LOCOMOTION:
The drill moves through the forest floor quadrupedally (Fleagle, 1988).

SOCIAL BEHAVIOR:
The drill has a unimale social system, with the leader male receiving most of the copulations. These small groups come together with other groups to form troops of up to 200 individuals (Lee et al., 1988). Solitary males are known to occur (Gartlan, 1970). Males are thought to disperse from their natal group based upon evidence in captivity (Boer, 1987). Gartlan (1970) observed a high rate of group aggression in the wild for the drill. In captivity, during an introduction of a foreign infant into a cage of an adult male, that was not the father of the infant, the adult male displayed aggressively towards the infant, injuring the infant seriously (Boer and Sommer, 1992). The adult male did not however behave aggressively towards any of the infants that he fathered (Boer and Sommer, 1992). Thus adult males may only tolerate infants that have occurred during their residency, and infanticide may occur in the wild (Boer and Sommer, 1992). Young drills engage in play of which bouncing is the most common behavior during play (Hearn et al., 1988).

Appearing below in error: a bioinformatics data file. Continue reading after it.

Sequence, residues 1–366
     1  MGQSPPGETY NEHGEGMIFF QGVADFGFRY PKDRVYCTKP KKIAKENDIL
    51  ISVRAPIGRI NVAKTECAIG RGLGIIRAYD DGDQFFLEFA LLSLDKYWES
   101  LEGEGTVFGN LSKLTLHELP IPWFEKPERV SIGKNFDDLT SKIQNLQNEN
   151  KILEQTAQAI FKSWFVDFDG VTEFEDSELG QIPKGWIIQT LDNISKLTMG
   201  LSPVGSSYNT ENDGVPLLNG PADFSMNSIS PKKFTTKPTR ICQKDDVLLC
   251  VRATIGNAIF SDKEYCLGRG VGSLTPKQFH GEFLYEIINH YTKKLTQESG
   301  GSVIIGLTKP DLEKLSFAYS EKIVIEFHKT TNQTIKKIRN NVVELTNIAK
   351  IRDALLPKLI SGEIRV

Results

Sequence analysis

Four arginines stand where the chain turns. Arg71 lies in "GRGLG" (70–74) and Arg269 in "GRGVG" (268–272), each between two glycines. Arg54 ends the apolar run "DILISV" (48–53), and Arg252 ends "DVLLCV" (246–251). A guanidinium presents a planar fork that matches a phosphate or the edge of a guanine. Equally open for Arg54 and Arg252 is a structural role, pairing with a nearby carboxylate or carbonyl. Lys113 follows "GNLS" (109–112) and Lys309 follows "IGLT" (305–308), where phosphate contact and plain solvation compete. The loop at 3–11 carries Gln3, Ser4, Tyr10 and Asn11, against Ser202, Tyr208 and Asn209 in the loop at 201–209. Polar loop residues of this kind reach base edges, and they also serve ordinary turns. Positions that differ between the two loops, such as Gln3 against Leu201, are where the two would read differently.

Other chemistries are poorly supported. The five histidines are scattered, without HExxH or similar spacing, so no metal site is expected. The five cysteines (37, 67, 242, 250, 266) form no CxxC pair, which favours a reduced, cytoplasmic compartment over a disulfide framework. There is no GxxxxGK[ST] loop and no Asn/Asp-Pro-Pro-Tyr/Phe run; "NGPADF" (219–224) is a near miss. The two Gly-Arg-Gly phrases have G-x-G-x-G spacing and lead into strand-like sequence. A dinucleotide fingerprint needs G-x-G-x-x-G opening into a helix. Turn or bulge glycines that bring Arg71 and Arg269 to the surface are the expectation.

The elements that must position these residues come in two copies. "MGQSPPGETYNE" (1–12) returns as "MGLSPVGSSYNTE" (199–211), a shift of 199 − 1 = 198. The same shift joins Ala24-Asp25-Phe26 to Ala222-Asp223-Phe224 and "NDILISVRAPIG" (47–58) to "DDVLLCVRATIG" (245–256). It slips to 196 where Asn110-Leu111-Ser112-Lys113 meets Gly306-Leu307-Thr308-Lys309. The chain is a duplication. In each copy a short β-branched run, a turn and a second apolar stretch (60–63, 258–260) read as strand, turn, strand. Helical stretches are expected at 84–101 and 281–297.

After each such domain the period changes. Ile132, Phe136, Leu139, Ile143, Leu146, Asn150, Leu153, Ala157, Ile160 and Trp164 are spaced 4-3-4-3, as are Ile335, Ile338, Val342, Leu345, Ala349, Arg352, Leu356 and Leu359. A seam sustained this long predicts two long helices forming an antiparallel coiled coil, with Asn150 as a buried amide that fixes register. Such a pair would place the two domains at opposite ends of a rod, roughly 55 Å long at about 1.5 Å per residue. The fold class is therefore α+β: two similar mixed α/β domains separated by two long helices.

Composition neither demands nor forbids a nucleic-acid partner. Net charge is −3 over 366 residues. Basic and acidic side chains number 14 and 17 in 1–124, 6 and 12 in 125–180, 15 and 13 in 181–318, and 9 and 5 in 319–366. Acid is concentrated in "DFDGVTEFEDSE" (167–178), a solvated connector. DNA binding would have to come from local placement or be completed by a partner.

VOCAL COMMUNICATION:
crowing call: This begins with discrete units of 0.04-0.06 seconds, which are separated by intervals of 0.25 seconds (Gartlan, 1970). These intervals shorten and merge into a continuous call (Gartlan, 1970). The duration of the entire call may be for 1.8 seconds (Gartlan, 1970). This call sounds like "crowing". This call is heard when smaller unimale groups are coming together to form large troops.